By Dror Liwer
For years, I have insisted that the secret sauce for any successful e-commerce strategy is weaving the “3 Cs” into a fabric that engages the consumer and facilitates higher conversion rate and basket size. And, I haven’t been the only one. Numerous e-commerce strategists believe the 3 Cs—Commerce, Community and Content—are the cornerstone of any relevant strategy.
However, very few e-tailers fully leverage all three of the Cs. Of course, all have commerce. Some have both commerce and community: Amazon has massive commerce and a tremendous community of peer reviews, lists and feedback. But, it’s all purely transactional—beyond shoppers’ sometimes entertaining first-hand report of their product experience, there is no “infotainment” to engage the visitor.
Others have commerce and content, but little community. J. Peterman, for example, does an exceptional job with content, telling an engaging and entertaining story behind each product, but there’s little emphasis on community.
The Missing C
So, why is it that after all this time and much discussion about the importance of the 3 Cs, very few are actually implementing this holy grail of ecommerce to successfully grow conversion and basket size?
I’ve come to the conclusion that there’s a missing C – it’s not 3Cs, but 4.
The missing link is Curation. Much like a museum curator carefully selects appropriate pieces and meticulously arranges them in such a way for the audience to understand and appreciate them, the e-tailer of the future must curate its collection and offer it to audiences in an intelligent way that makes sense to their consumer.
While this notion of curation may sound expensive, I firmly believe shoppers are willing to pay a premium for this added service. Consider the Nordstrom difference: unlike the on-your-own experience you’ll find at a discount retailer, Nordstrom sales associates will help you find the perfect item to suit your needs. You’re not only more apt to buy from them because of the service, but willingly pay—and still feel good about it, knowing you made the best choice.
E-tailers must employ this same strategy, and curate their assortment—in essence filtering their millions of products intelligently to deliver the most relevant selection to their customers. They must think boutique.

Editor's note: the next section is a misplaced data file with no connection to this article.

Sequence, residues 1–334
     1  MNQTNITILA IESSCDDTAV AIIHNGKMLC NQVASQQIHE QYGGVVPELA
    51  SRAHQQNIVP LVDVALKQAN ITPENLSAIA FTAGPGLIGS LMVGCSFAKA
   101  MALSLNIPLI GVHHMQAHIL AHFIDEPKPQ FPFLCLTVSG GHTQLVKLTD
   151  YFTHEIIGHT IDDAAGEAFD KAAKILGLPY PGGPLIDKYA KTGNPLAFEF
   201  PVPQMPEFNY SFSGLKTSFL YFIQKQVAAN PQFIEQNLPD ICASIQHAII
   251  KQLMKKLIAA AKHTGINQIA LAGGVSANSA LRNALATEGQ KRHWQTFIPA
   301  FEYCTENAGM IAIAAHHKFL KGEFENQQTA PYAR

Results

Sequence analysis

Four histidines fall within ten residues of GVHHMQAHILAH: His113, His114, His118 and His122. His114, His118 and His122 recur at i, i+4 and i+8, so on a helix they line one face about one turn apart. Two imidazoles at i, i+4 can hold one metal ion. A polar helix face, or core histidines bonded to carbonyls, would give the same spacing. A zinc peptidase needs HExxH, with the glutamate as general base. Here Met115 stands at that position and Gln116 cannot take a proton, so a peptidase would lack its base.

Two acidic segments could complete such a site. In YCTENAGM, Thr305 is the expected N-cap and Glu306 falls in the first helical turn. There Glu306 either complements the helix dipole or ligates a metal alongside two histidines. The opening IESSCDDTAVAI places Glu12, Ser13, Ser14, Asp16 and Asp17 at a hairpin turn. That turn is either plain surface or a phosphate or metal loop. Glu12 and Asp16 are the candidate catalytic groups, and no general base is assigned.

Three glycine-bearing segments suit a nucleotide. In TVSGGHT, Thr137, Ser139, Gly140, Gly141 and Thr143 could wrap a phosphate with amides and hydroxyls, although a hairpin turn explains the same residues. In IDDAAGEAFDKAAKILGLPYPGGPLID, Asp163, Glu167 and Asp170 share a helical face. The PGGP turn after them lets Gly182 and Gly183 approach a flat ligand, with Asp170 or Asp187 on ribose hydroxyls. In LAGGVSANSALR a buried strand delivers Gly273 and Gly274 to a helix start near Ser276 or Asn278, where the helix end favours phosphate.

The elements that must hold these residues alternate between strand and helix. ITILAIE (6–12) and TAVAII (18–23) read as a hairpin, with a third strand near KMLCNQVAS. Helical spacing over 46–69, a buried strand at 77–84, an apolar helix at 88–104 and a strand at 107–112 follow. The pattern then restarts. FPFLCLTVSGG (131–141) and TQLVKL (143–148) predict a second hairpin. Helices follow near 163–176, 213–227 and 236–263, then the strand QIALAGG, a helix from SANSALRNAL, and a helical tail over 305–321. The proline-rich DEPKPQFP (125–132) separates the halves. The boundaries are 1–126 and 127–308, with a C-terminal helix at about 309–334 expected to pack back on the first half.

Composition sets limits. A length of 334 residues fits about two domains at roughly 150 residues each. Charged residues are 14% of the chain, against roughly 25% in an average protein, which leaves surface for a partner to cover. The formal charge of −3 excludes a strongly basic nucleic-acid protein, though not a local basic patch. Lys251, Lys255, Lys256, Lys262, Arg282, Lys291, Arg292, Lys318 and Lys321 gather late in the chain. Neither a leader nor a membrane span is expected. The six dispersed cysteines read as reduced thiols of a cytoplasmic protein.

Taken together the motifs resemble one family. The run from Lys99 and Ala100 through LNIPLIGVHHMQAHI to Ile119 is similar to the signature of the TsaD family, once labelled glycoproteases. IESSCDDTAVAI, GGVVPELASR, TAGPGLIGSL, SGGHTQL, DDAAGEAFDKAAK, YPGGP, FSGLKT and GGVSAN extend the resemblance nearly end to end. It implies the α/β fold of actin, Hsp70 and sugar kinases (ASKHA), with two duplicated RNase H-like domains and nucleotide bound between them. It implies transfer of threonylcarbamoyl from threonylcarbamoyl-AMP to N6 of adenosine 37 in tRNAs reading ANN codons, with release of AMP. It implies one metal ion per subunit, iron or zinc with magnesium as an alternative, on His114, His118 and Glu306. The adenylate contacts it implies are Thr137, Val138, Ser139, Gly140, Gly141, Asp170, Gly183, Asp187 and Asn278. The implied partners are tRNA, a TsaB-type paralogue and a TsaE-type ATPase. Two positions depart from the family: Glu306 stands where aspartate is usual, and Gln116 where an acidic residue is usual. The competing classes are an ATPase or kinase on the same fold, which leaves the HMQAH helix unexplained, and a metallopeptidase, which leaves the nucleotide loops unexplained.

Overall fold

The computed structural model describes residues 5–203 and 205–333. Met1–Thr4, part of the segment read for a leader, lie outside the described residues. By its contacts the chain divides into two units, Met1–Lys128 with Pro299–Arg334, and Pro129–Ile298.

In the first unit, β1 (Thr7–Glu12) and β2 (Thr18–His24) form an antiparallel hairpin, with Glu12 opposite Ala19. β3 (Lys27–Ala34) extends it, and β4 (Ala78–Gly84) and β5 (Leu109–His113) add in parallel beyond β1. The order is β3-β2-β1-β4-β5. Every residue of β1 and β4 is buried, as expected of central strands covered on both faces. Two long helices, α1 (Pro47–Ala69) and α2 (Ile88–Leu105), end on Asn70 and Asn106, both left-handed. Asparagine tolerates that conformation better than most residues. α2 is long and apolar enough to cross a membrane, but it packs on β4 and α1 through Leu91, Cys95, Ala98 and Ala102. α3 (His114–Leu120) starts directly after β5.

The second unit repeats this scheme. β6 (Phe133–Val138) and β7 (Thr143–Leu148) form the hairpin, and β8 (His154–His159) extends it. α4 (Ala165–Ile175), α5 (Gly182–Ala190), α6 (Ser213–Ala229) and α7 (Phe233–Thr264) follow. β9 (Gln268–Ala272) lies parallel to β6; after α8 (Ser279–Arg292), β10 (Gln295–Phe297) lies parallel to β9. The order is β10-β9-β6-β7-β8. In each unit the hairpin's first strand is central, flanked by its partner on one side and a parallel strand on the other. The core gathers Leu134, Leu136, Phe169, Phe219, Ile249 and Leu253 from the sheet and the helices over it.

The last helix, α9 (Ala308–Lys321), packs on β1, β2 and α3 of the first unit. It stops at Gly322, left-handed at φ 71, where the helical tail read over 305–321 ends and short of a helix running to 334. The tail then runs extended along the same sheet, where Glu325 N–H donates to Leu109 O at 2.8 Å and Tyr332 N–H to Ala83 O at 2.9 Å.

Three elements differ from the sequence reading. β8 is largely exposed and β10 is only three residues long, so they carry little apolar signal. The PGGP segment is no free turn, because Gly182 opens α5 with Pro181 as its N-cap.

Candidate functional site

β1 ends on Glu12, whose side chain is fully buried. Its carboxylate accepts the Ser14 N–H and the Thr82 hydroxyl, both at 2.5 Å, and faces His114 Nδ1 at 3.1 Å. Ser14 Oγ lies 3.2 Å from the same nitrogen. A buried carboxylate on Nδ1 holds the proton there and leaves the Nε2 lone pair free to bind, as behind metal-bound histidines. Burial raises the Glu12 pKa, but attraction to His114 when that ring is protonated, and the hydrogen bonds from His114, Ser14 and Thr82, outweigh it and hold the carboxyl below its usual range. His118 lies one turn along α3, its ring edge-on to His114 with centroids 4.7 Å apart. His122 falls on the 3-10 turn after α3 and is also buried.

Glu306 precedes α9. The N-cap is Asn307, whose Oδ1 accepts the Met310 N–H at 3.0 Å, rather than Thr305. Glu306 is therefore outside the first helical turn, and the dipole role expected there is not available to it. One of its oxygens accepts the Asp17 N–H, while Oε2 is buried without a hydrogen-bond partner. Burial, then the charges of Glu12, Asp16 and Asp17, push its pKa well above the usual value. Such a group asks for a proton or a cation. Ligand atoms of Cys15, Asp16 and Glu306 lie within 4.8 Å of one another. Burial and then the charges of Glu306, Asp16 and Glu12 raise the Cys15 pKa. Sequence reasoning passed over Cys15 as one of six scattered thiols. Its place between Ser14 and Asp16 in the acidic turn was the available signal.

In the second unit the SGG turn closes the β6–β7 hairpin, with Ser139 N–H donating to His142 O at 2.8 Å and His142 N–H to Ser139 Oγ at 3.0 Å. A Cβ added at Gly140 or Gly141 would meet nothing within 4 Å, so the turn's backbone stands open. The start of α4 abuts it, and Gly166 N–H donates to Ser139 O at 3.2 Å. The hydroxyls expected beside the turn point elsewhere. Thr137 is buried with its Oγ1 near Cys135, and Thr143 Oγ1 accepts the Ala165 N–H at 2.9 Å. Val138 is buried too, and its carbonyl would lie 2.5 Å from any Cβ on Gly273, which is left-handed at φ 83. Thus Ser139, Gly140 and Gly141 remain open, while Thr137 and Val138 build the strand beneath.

Hayneedle has made great strides in this boutique-style shopping experience, despite its massive selection. By using technology to curate its “sweet variety” at the product level into more than 200 specialty stores, it offers a boutique-style shopping experience with products curated to match its customers’ habits, tastes and desires. An integrated shopping cart allows customers to shop each boutique individually, but then aggregate those purchases into a single cart for easy checkout.
Red Envelope offers curation “by purpose,” offering products to satisfy virtually any gifting need, curated around events, holidays and special occasions. And, customers willingly pay a premium to enjoy this curation. Red Envelope shoppers know that the gifts they buy will be perfect, beautiful and really unique as a result of the curation service provided.
Curation Cuts Through the Clutter
The e-commerce evolution has created a pathway to massive selection for consumers and provided infinite opportunities for small shops to compete head-to-head with gargantuan big box retailers. But, as the fragmentation and plethora of choice begins to overwhelm consumers, curation is becoming imperative. For e-tailers that do the legwork to curate the selection, there is tremendous opportunity to generate repeat business, increase margins, build basket size and conversion.